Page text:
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Dollar’s Fate Hinges on Trump’s China Policy

NewsMax  |  Hans Parisis

US dollar versus China Yuan

With 2017 only a couple of trading days away, one of the big questions for long-term investors is “Who will buy the dollar next year?”

Technically spoken it’s clear that the dollar is overvalued against the other reserve currencies of the world.

According to data of the OECD, the dollar is overvalued by 20 percent against the euro, by about 15 percent against the British pound and by about 10 percent against the Japanese yen.

As for now, it is still impossible the obtain a solid estimation of the purchasing parity parity (PPP) value of the Chinese yuan, which is the 5th currency of the International Monetary Fund’s basket of reserve currency and as it continuous to depreciate against the dollar and by the way it just hit its lowest value against the dollar since it dropped its de-facto peg to the dollar in 2010 and is now closing in on the 7 yuan per dollar, what we could call the line in the sand for further yuan weakness, for not saying crossing the line for going into a free fall.

Maybe it could be helpful to keep in mind that since the 3rd plenum in November 2013, China’s net holdings of US Treasurys have declined by 12 percent or $159 billion and that this downward trend even picked up in Q3 of this year. The latest Treasury International Capital System (“TICS”) data show that Chinese holdings of U.S. Treasurys have fallen by $83.8 billion, which is about 6.7 percent of its net position and that only since the end of June to the end of September.

If Chine is obliged to continue to intervene in the FX markets to prevent the yuan from collapsing, and that intervention is expected to continue, and if the U.S. dollar as well as U.S. yields continue to rise (never forget that higher yields mean lower bond prices) then it is highly probable that will see the downward trend in holding U.S. Treasuries to continue into 2017.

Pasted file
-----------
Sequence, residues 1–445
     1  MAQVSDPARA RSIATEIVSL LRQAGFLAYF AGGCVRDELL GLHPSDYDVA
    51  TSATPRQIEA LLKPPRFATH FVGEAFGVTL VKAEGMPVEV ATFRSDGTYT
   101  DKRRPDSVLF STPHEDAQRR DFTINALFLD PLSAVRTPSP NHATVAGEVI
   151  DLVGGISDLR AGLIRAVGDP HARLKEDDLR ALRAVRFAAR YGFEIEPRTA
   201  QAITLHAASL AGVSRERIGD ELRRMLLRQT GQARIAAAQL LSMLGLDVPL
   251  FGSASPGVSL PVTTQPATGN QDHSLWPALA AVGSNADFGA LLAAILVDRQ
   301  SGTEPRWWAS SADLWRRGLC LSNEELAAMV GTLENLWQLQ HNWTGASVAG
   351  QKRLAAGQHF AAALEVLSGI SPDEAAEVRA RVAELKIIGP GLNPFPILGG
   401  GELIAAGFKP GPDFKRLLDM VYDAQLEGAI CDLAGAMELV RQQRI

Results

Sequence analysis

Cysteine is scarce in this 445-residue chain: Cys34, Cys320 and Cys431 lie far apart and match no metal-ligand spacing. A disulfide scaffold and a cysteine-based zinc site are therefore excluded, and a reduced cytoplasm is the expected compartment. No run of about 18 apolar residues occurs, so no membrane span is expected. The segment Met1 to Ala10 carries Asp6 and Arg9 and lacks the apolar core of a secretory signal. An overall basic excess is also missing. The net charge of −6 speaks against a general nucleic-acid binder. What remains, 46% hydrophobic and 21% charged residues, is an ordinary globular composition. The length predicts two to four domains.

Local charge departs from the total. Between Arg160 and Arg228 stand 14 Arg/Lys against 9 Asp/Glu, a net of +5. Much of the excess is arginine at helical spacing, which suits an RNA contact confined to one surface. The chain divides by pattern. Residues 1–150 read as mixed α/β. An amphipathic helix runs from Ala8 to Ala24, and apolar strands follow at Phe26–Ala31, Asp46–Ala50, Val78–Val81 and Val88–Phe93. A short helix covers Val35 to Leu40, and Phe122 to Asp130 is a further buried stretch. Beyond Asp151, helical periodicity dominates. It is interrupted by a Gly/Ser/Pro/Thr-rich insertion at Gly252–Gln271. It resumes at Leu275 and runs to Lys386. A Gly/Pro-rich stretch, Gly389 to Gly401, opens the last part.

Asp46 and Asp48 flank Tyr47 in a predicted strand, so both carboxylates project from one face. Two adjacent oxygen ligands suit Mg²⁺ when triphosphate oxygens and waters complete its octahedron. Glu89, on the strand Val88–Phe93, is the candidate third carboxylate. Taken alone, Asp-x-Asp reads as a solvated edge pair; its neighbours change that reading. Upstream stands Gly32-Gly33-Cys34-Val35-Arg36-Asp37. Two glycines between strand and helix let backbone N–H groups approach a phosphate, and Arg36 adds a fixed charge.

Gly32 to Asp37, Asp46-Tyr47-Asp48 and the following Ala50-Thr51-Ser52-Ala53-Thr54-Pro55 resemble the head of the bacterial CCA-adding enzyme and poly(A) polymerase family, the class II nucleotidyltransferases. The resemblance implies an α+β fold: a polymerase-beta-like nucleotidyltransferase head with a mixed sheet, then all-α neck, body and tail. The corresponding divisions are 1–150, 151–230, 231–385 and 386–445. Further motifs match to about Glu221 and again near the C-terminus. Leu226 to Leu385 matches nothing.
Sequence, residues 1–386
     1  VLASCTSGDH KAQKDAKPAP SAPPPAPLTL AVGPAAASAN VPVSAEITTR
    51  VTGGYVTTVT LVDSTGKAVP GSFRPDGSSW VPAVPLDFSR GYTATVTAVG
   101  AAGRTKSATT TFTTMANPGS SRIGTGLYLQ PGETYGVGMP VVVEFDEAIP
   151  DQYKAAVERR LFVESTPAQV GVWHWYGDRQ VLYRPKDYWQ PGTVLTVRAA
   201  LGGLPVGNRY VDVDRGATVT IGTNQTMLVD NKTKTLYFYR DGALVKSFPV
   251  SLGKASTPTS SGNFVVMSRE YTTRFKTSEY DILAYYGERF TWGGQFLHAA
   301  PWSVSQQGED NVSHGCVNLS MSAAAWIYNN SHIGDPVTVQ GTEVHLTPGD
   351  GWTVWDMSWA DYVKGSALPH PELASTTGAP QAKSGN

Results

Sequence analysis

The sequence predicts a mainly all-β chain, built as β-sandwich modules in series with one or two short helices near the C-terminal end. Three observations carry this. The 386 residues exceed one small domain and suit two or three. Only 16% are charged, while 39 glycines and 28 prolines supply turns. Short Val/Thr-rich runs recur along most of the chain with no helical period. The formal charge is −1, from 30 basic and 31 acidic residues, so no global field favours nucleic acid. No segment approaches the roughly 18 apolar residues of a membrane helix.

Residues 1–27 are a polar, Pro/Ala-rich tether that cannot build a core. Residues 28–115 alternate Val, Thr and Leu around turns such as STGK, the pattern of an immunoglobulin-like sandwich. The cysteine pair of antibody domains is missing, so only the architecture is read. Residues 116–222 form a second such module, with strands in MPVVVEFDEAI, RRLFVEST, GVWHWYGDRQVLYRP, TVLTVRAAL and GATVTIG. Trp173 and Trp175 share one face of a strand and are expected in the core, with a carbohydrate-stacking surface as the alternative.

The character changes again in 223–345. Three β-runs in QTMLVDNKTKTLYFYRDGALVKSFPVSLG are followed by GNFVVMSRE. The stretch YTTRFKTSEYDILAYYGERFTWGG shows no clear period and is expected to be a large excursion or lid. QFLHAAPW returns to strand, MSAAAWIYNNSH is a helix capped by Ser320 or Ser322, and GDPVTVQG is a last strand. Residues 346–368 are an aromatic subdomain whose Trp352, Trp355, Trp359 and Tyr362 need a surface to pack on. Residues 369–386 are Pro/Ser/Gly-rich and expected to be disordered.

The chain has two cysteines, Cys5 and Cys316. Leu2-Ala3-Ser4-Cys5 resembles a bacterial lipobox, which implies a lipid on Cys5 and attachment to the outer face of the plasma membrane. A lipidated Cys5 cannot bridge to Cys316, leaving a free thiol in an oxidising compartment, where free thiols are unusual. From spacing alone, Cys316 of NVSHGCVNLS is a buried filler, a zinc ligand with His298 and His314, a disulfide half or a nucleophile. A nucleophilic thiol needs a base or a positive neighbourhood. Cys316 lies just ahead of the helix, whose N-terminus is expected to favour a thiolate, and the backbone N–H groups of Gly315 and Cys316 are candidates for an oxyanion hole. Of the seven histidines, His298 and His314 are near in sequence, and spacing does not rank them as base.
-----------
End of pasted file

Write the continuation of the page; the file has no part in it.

For all investors this is important. Let’s not overlook the fact that in 1994 when Bill Clinton was President, China was designated as a currency manipulator. At that time, new law required Treasury officials to develop 3 criteria to decide if countries are being unfair, including a disproportionate trade surplus with the U.S. and sizable purchases of foreign assets as a result of currency intervention. Now, in its latest report to Congress, dated October 14, 2016, of the U.S. Treasury on “Foreign Exchange Policies of Major Trading Partners of the U.S.”

China was found to comply with only 1 of the 3 criteria that were set out in 1994.

In simple words that means that Mr. Trump knows very well how China behaves as far as its currency is concerned.

Therefore, it should not be taken lightly when during his campaign, Mr. Trump pledged that he will declare China a currency manipulator on his first day in office.

Yes, all this is very important for all investors because in case President Trump goes through with calling China a currency manipulator there is no doubt that this will complicate the relations between the 2 biggest economies in the world and will strengthen fears that the United States could give preference to a more protectionist attitude. One of the problems with this is that China and the U.S. are each other’s single biggest trading partners.

Calling China a currency manipulator could in the end mean that the U.S. will apply potential penalties on trade coming in from China.

Such a situation would create big uncertainties for investors everywhere on the globe, which could easily drive them to some kind of a wait and see attitude as far as extending their holdings of U.S. dollars and even equities is concerned and that, of course if that would be the case, could cause, first of all, a fall in the value of the dollar.

Notwithstanding that for now, optimism seems to be the only name of the game in town, I would prefer to wait and see for what will happen.

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